Hickenlooper appointee sues 64 small businesses over alleged disability violations
The Denver Post
A gubernatorial appointee who chairs the Colorado Developmental Disabilities Council has filed dozens of lawsuits against small businesses over the past two months claiming they violate federal disability laws.
The 64 lawsuits filed so far by Mellisa Umphenour of Arvada are nearly identical in content and scope to scores of others filed in U.S. District Court last year in Colorado – and thousands of others filed in federal courts nationwide the past few years. Umphenour filed the suits on behalf of her 11-year-old son, who is disabled.
Often called “drive-by lawsuits,” they rely on the Americans with Disabilities Act and are often filed by disabled people or their caretakers. Each lawsuit typically alleges a range of ADA violations such as the height of a bathroom mirror, the location or wording of handicapped-accessible parking signs, or the placement of toilet-paper holders.
Business owners call the lawsuits predatory because they appear out of nowhere and often demand thousands of dollars in settlement costs. Sometimes the plaintiffs are hired by attorneys for a small cut of the settlement fees, according to a federal lawsuit in California by homeless plaintiffs who said they weren’t properly paid.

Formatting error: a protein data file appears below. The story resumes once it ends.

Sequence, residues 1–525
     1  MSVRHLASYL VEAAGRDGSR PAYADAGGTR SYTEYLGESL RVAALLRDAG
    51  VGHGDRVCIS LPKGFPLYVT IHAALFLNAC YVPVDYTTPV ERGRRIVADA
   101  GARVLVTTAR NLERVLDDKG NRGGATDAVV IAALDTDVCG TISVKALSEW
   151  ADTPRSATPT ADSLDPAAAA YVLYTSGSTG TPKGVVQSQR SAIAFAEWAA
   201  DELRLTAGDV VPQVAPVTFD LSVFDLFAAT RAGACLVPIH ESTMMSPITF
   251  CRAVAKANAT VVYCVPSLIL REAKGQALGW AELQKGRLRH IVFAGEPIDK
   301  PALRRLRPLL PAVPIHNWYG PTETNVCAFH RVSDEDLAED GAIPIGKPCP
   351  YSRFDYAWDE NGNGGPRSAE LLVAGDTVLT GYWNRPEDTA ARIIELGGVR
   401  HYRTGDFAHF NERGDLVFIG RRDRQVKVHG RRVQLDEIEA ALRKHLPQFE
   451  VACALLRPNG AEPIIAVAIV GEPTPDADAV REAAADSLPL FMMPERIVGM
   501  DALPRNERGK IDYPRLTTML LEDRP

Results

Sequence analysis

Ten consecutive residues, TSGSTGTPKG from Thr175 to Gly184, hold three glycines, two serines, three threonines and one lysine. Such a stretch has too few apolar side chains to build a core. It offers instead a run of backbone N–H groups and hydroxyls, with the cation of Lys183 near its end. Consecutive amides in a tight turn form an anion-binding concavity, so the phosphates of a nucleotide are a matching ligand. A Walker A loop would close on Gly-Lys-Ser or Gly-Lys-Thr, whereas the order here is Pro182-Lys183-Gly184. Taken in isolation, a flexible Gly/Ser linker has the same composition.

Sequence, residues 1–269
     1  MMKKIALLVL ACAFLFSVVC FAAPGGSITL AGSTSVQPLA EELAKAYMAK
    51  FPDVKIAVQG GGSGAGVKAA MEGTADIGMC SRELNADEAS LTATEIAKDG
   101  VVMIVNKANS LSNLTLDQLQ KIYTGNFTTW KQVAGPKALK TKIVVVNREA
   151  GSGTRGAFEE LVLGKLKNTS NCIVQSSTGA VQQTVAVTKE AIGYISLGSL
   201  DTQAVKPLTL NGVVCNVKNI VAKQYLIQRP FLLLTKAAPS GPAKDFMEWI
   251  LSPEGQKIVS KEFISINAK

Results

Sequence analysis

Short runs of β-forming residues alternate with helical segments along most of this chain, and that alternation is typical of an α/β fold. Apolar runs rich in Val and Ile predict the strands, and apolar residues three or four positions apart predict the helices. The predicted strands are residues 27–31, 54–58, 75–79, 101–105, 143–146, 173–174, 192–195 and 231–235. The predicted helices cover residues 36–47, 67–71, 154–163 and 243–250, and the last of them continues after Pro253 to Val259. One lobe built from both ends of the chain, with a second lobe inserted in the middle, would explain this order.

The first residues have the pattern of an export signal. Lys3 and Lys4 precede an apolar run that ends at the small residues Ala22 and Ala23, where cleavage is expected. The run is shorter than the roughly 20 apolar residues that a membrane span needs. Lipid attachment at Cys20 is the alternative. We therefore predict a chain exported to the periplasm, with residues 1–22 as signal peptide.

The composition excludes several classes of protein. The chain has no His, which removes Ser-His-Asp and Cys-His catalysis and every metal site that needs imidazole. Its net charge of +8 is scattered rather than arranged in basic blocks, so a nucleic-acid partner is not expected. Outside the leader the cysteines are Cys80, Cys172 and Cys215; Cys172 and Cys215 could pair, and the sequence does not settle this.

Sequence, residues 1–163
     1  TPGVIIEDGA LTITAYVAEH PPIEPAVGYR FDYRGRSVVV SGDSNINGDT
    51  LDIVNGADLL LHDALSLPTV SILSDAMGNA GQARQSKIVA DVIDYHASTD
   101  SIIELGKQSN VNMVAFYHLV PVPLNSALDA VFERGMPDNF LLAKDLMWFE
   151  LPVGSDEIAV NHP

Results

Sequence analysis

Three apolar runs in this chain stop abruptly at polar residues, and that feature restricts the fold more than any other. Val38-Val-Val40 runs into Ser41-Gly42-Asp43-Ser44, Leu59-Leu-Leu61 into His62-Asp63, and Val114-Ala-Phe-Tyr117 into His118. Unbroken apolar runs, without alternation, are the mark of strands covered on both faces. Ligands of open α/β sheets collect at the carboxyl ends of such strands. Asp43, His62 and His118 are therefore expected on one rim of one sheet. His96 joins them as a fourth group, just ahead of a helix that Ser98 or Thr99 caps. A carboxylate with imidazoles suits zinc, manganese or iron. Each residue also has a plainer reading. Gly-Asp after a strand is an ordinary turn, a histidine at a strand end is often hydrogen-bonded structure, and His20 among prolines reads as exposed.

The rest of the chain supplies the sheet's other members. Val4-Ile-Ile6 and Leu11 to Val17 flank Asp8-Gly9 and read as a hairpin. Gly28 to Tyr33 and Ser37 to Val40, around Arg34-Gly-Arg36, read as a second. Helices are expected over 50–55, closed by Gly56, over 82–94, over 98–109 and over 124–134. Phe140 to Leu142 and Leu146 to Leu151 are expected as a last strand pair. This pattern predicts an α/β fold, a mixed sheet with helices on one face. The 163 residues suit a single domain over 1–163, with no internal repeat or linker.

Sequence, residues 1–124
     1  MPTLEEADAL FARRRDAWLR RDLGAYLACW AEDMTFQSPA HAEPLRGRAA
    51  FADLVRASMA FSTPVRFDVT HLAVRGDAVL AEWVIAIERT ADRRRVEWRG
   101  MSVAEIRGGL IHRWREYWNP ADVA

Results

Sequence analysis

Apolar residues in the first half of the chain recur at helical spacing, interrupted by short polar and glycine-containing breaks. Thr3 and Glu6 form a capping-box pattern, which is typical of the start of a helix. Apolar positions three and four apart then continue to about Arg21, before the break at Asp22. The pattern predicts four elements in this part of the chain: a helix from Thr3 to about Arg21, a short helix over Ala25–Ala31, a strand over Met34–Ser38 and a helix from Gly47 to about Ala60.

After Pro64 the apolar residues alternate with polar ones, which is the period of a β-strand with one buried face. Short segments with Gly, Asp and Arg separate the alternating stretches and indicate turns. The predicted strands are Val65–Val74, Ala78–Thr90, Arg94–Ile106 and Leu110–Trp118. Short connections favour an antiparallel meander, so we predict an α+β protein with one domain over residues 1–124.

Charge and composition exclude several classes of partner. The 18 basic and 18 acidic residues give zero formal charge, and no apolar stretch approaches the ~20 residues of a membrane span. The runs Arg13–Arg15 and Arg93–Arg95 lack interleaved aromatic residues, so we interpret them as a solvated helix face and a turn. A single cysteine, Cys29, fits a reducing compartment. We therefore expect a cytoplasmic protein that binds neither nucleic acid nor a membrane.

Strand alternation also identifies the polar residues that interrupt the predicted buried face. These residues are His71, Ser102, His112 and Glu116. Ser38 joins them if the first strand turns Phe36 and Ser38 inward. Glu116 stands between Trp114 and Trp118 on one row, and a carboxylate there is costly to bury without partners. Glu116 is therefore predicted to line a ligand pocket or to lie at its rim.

Umphenour did not respond to e-mails or messages from The Denver Post, nor did her attorney, James Carr, who recently set up shop in Colorado as ADA Justice Advocates at an address that is a UPS Store in Boulder.
“My personal feeling … is lawsuits sometimes are the only way to get things done,” said Marcia Tewell, executive director of the state disabilities council. “The sad part is sometimes you have to hit people where you get their attention.”
Tewell said Umphenour recently told her of the lawsuits, but she would not elaborate on the conversation.
The state-funded council works on getting people with disabilities to live regular lives through policy, innovative grants and outreach, Tewell said. Umphenour’s suits do not mention the council or her affiliation with it, nor do they violate state ethics rules.
The lawsuits often come in bunches – Umphenour’s attorney filed 20 of them on one day – and reflect a similar pattern. The plaintiffs say they visited a particular business only to be discriminated against when they found specific violations.
The suits are controversial in that some see them as little more than attorneys banking on a quick moneymaking scheme that uses the ADA as a cover, while others say it’s the only way to advocate for compliance of a 27-year-old law from businesses that should know better.
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